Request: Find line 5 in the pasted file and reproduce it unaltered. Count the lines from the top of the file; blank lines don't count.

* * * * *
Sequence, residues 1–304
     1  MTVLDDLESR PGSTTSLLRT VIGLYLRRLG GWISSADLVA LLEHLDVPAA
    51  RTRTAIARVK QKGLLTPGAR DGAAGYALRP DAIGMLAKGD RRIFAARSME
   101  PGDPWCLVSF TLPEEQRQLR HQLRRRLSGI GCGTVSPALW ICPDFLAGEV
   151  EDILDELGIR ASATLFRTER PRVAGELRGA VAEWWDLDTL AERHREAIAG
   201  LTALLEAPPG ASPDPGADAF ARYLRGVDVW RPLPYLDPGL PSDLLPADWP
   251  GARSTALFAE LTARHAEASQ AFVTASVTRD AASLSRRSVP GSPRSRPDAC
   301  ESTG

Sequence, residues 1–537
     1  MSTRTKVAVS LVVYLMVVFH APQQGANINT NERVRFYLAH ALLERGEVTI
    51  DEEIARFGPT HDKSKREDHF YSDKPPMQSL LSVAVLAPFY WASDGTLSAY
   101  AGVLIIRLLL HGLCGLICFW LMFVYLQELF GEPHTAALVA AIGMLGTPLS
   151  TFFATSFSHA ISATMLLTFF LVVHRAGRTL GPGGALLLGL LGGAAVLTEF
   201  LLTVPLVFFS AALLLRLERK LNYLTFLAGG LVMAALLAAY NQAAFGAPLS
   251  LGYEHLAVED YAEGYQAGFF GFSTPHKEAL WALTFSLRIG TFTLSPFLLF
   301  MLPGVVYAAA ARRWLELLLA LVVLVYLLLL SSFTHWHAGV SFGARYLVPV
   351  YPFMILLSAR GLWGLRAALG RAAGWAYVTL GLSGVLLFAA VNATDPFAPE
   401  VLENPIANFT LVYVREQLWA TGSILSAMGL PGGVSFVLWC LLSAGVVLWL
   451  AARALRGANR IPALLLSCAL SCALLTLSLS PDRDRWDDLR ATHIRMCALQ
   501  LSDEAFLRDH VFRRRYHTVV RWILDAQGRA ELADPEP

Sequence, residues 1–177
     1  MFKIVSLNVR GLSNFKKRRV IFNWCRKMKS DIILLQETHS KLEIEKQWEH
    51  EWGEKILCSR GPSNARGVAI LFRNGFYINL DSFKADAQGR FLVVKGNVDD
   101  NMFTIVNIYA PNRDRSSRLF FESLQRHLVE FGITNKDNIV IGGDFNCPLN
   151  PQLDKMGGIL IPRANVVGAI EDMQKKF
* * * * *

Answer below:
   151  EDILDELGIR ASATLFRTER PRVAGELRGA VAEWWDLDTL AERHREAIAG